There’s also quite a bit of ‘lore surrounding Ruby Woo. In researching for this post, I came across a parenting blog where a Mum detailed how finding a tube of Ruby Woo tucked behind some items in her bathroom cabinet helped her to march forward through the trials of parenting very young children; see the post [here].
Plus, I unearthed an actual Ruby Woo pilgrimage, which sees a diverse group of women embarking on ”a sacred journey through the intersectional story of the struggle of women for equality in the U.S”. In some of the pilgrimage photographs, the women are pictured wearing Ruby Woo.
So, it’s safe to say that Ruby Woo has broken the constraints of being just another red lipstick. It’s a symbol of a lot of things for different people.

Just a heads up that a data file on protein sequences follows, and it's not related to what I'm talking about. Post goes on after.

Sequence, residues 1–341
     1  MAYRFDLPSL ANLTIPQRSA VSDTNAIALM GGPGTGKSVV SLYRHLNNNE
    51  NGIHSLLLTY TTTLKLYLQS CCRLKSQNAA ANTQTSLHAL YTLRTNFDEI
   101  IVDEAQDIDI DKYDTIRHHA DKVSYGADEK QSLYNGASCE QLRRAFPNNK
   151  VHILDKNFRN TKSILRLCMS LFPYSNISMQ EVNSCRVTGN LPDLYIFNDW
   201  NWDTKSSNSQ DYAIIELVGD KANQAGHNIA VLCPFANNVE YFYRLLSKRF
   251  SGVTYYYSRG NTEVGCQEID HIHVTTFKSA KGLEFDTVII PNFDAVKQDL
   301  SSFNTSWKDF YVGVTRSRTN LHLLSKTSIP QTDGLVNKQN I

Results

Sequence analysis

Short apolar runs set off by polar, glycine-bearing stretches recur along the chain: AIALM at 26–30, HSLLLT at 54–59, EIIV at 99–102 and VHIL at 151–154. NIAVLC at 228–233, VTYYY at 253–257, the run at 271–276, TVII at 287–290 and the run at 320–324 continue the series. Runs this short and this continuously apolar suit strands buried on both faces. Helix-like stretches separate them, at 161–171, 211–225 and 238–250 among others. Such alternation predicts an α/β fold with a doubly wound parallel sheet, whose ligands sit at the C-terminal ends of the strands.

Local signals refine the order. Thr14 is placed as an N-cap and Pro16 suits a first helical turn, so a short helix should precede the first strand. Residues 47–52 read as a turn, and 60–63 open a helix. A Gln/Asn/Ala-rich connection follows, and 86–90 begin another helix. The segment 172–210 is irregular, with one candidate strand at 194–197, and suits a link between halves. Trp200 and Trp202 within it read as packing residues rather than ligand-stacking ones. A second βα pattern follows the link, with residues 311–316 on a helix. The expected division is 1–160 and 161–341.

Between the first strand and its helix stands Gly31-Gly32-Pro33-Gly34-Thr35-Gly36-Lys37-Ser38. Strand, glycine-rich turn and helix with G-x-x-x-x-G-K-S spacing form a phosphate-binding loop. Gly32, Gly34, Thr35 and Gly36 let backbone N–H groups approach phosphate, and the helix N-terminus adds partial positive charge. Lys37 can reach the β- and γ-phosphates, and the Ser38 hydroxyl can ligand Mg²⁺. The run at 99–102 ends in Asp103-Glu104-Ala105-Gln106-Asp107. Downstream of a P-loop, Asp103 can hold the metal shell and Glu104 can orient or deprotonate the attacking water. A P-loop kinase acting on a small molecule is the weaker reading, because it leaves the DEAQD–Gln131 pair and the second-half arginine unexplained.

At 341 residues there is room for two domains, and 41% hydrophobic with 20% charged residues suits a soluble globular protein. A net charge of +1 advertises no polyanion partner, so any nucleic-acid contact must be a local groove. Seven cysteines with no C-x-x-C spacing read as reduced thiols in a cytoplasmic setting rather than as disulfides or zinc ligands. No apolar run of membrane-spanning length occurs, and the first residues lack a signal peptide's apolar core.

A few last bits about MAC that are good to know:
Ownership: MAC (Makeup Art Cosmetics) was started in 1984 by Frank Toskan. The company was then sold to Estee Lauder in 1998.
Ruby Wool Sales: Based on the intel I dug up, four tubes are sold every minute, globally.
Would I recommend it: If you’re unafraid of bold red lipstick and you’re willing to go along with the learning curve that comes with it, then yes. And if you can get your hands on a mini-size, that’s even better. Otherwise, I think of it as a fun lipstick to have but..and do forgive me, I don’t feel it’s a must despite the wide-ranging hype.
Chanel Rouge Allure Pirate
Pirate’s origin story: It emerged from Chanel’s 2012 lipstick crop as part of the newly formulated Rouge Allure Luminous Intense lipstick formula. One of six red lipsticks released that year with this formula, Pirate has gone on to become a global best-seller.
Gabrielle Chanel created her first lipstick around 1921 for her personal use and in 1924, her lipsticks became available commercially. Thereafter, the lipsticks and the packaging continued to evolve. Chanel No. 5 fragrance bottle provided some of the ‘inspiration’ for the lipstick tube the brand uses today.